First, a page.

Estimated reading time: 6 minutes
We are closer to a nuclear war than we’ve ever been. In fact, the prospect of all-out nuclear world war was not an option during the last world war. We beat the Germans to the nuke, and thank God for that.
Today, there are 9 countries that possess nuclear weapons. Over half of them do not get along with each other. India and Pakistan have issues. China and India tend to have issues. China, Russia, and the US all have issues with one another. North Korea wakes up mad at everyone but China.
Not to mention that Iran is on the path to becoming the 10th on the list, and many experts believe their first order of business would be to nuke Israel. Israel is also a nuclear capable nation.
It’s safe to say that nearly every country that has nuclear weapons is getting closer and closer to the biggest decision for humanity. So, the question many people has is: How far away must you be to survive a nuclear explosion?
The Power of a Nuclear Blast
The power and range of a nuclear blast has a lot to do with the type of weapon being used. There are massive nuclear weapons out there that can do tremendous damage and spread for miles and miles.
There are smaller nukes that are still incredibly deadly but cover a much smaller area. Some talk has been had about tactical nukes or battlefield nukes. These can range from a fraction of a kiloton to 50 kilotons.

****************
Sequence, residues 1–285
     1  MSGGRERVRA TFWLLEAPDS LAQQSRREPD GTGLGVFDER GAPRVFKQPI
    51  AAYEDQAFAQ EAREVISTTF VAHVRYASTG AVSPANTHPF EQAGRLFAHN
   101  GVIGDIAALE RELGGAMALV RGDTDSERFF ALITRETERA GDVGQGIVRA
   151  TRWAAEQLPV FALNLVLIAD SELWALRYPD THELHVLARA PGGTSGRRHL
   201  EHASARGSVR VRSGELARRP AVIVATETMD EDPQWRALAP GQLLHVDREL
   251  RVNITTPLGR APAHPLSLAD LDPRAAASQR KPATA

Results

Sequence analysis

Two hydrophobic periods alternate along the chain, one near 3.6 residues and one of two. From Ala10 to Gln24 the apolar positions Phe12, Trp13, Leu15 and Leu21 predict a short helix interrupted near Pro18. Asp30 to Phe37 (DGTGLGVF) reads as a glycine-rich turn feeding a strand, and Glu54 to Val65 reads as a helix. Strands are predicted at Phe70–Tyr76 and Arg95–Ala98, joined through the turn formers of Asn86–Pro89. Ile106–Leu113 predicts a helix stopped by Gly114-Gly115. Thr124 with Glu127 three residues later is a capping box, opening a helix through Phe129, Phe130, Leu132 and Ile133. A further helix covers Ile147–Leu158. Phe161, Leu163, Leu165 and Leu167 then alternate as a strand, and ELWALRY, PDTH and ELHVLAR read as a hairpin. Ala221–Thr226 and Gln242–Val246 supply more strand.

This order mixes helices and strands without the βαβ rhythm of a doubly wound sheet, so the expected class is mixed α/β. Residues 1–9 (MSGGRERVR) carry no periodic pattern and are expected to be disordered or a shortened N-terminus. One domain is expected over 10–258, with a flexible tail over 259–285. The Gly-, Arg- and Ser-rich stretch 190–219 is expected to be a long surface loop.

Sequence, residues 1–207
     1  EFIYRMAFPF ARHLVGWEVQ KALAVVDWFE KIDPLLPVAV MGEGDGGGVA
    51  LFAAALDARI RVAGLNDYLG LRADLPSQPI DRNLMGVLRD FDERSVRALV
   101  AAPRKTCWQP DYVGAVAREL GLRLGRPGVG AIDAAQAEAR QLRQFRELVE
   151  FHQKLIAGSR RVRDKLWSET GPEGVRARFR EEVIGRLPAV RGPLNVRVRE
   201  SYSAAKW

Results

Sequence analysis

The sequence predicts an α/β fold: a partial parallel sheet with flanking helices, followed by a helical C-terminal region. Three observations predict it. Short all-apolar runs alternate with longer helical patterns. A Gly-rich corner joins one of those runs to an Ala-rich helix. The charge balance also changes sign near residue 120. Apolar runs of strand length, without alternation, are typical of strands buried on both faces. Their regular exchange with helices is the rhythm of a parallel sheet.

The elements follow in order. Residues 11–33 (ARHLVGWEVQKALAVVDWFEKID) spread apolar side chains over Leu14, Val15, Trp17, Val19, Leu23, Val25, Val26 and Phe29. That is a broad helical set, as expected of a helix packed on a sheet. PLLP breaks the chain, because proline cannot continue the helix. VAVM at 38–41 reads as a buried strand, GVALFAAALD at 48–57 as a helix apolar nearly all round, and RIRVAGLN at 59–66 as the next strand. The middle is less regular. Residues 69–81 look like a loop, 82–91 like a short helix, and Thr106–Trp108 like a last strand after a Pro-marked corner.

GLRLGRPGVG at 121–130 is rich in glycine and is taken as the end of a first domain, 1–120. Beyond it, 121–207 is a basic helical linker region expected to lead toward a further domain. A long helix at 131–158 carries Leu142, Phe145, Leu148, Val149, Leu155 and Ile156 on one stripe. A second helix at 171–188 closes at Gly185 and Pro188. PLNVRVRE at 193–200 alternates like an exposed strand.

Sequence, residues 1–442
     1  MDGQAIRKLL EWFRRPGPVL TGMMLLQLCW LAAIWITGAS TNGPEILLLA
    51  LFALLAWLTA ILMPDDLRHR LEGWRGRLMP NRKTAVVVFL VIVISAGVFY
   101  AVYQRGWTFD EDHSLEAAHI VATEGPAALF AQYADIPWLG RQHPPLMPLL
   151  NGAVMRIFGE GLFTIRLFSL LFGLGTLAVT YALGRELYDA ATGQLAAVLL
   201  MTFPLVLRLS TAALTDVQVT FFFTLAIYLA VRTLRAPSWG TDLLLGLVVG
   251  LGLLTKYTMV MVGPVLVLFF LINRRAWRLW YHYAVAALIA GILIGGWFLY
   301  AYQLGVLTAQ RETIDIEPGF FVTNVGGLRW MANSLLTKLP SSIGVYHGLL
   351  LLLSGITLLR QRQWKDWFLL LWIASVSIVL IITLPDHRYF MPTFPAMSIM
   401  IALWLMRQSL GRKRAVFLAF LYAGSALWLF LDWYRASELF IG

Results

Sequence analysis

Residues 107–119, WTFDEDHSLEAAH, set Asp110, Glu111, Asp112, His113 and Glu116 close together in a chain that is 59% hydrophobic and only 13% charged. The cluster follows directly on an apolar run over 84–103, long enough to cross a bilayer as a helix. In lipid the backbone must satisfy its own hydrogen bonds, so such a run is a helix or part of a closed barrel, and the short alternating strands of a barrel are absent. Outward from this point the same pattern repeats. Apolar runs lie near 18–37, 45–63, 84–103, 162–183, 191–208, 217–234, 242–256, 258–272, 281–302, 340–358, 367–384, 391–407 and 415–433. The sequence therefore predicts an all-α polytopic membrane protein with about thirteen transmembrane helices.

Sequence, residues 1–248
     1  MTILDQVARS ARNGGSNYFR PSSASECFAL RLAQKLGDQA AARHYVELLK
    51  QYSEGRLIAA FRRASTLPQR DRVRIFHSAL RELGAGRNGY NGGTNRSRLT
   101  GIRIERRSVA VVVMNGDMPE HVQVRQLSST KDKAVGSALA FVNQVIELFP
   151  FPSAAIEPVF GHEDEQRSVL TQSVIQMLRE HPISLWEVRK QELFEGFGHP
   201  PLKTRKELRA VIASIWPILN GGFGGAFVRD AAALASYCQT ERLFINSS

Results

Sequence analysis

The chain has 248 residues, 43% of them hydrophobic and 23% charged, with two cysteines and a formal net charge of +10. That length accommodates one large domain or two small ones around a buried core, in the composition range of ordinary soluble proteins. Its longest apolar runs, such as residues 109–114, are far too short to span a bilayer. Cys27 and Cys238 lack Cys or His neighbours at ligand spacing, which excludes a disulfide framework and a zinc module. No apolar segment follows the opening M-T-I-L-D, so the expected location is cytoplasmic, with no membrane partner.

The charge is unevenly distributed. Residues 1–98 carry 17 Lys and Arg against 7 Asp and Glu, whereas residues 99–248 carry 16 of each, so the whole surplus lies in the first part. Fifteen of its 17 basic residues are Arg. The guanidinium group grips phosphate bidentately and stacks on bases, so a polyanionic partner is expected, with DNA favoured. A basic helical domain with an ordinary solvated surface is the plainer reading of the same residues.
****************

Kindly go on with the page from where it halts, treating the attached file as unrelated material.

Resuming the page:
The largest nuke that America has ever detonated was called Castle Bravo, and that was a 15 MEGA ton nuclear weapon. So, the distance you have to be from a nuclear weapon can vary WILDLY based on the type of weapon.
The most common ICBM used by China are called the Dong Feng-5 and these have a 5 megaton yield. This is about 20 mile radius of light destruction and the further into that radius you go, the worse the effects.
The Effects of a Nuclear Blast
If you were standing 20 miles away from the bomb dropped on Hiroshima and you had your back turned to the blast with your arm over your face and your eyes closed, the light would be so bright you could see the bones in your arm!
After the flash of light comes the fireball. This basically incinerates everything in the vicinity. We like to think of nukes as massive explosions that do incredible damage, and they do, but at the heart of a blast is a massive fireball that scorches everything.
Of course, the kinetic energy from a bomb like this travels far and devastates everything in its way.
Kinetic energy is the farthest-reaching effect of the nuclear bomb, but radiation, depending on the bomb, can reach very far, too. It can be deadly if you do not have shielding to protect you from it. The good news is things like dirt, stone, brick, water, cement block, and even layers of things like mattresses, pillows, and blankets can be used as shielding.
Though the latter are not as effective as the former, they are still something, and at the center of your home, it could be enough to keep you safe.